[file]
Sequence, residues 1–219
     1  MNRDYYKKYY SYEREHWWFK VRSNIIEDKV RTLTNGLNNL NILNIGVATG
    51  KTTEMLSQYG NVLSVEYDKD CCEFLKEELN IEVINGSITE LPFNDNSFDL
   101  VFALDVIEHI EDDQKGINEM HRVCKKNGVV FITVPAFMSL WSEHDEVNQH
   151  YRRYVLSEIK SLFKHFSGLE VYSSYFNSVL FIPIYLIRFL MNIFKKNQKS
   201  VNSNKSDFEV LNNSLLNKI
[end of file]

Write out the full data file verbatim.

Sequence, residues 1–219
     1  MNRDYYKKYY SYEREHWWFK VRSNIIEDKV RTLTNGLNNL NILNIGVATG
    51  KTTEMLSQYG NVLSVEYDKD CCEFLKEELN IEVINGSITE LPFNDNSFDL
   101  VFALDVIEHI EDDQKGINEM HRVCKKNGVV FITVPAFMSL WSEHDEVNQH
   151  YRRYVLSEIK SLFKHFSGLE VYSSYFNSVL FIPIYLIRFL MNIFKKNQKS
   201  VNSNKSDFEV LNNSLLNKI